A review of how much the BBC pays stars such as Jonathan Ross has cleared the corporation of distorting the market for talent.
The chairman of the BBC Trust, Sir Michael Lyons, said the report by independent economic consultants Oliver and Ohlbaum found that multimillion-pound packages for personalities like Ross and Graham Norton were not above the market rate.
But he said that, despite evidence that pay inflation has been cut in recent years, there was still "more to be done" to ensure viewers receive value for money for their licence fee.
BBC managers must be ready to "walk away" from deals with performers who are too expensive, said Sir Michael.
The review also highlighted the areas of network radio and news journalism as special cases, because the BBC effectively faces no direct competition from the commercial sector.
Sir Michael said on the BBC Radio 4 Today programme: "We commissioned this piece of work as part of our general work to make sure that the BBC is doing what licence fee-payers want, delivering value for money, and in part in response to the controversy which had gone on for a year about the salaries of top talent.
"Their conclusions are that the BBC is not generally paying above the market rate, is not distorting the market, although the situation is more complex in some of these areas where there is less market competition - that is journalism and radio.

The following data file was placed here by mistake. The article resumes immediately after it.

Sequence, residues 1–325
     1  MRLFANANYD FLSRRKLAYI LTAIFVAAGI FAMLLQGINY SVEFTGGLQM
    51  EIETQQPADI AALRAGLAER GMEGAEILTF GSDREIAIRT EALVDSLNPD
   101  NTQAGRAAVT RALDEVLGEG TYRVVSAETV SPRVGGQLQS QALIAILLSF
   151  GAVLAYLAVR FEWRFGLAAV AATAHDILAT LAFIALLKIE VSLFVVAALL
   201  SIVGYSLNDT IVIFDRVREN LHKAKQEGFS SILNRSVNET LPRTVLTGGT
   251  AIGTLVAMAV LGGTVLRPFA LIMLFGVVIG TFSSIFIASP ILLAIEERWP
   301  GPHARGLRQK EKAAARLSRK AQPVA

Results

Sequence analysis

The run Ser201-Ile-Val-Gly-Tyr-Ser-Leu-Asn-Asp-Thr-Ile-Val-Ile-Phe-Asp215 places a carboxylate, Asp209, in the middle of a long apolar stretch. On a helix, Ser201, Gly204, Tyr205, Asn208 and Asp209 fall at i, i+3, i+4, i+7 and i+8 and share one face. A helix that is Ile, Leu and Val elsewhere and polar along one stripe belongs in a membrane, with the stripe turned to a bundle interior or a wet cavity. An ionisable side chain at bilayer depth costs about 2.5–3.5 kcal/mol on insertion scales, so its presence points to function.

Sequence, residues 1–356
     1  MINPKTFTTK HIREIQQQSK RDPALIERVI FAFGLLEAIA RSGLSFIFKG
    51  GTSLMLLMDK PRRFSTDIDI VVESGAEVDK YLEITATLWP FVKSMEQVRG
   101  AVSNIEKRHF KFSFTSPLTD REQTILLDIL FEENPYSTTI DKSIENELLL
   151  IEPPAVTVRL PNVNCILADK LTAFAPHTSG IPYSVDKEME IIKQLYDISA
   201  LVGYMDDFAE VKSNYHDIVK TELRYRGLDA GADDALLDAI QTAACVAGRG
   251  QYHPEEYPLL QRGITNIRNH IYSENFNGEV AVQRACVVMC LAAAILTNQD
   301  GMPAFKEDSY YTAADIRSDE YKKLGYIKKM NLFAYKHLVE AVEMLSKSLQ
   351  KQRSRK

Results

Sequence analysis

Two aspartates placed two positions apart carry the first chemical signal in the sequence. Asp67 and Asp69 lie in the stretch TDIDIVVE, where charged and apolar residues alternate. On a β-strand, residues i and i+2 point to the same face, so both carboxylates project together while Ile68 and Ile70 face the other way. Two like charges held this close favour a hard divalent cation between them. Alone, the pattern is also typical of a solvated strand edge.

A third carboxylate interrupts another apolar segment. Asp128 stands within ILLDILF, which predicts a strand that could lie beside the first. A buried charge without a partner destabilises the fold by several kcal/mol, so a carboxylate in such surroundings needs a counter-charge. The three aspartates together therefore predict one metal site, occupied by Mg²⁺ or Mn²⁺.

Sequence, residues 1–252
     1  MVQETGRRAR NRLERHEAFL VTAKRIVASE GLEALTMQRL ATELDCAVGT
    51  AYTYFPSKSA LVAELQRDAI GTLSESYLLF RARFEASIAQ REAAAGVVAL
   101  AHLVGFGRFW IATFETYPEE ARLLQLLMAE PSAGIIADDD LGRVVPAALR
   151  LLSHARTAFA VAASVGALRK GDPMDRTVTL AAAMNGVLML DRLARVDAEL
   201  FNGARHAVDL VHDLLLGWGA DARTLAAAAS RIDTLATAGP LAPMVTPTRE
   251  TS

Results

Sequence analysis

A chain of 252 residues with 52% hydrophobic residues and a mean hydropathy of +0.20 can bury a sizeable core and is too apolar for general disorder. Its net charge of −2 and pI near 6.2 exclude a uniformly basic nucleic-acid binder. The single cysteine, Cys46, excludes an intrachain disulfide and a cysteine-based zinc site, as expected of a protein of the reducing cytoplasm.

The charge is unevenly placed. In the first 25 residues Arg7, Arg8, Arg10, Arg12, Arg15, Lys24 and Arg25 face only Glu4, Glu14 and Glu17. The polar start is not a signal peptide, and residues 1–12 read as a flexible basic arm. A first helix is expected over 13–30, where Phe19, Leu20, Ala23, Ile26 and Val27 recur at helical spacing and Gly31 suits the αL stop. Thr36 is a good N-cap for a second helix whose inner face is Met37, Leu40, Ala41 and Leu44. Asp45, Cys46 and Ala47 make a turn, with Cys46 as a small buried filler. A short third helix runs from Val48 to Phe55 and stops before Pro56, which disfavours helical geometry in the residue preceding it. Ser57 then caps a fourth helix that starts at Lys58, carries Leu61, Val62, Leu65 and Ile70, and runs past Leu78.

"There's a very clear message from the Trust that there is more to be done. There is evidence of the inflation in top talent salaries coming down in recent years as a result of actions by BBC management.
"But we are saying that, because the BBC is paid for by the licence fee, it doesn't have to follow the market, can afford to be distinctive, has got the scope to bring on new talent and must walk away from those which are too expensive."
Sir Michael refused to comment on individual deals with performers like Ross, whose pay deal is reportedly worth £18 million over three years. Little Britain stars David Walliams and Matt Lucas are said to be picking up £6 million and Graham Norton £5 million over a similar period.
Documents leaked in 2006 claimed Jeremy Paxman was paid £940,000 a year, Radio 2's Sir Terry Wogan got £800,000 a year and Radio 1 breakfast host Chris Moyles pocketed an annual £630,000.
Sir Michael said: "Talent is a very important part of what the BBC does. People turn on their televisions and radios to hear personalities. They are highly valued by the audience, but we have to be sure we are not paying more than we have to.
"Big salaries always excite concern, whether we are talking about the business world, sport or entertainment. I absolutely understand that, but there is a danger that if we talk in terms of one salary or one pay package, we miss the much bigger issue about what is being done across the board.
"This report looks systematically across the salaries the BBC pays for top talent, rather than just one contract."
He added: "What the evidence shows is that it is a much more complex picture in the case of both network radio and journalism. It is not just a question of less direct competition there, but actually a different job being done by the BBC than is being done by others.
"That's why we are saying this needs to be looked at in more detail. We are charging the director general with that job and we will be keeping a close eye on it."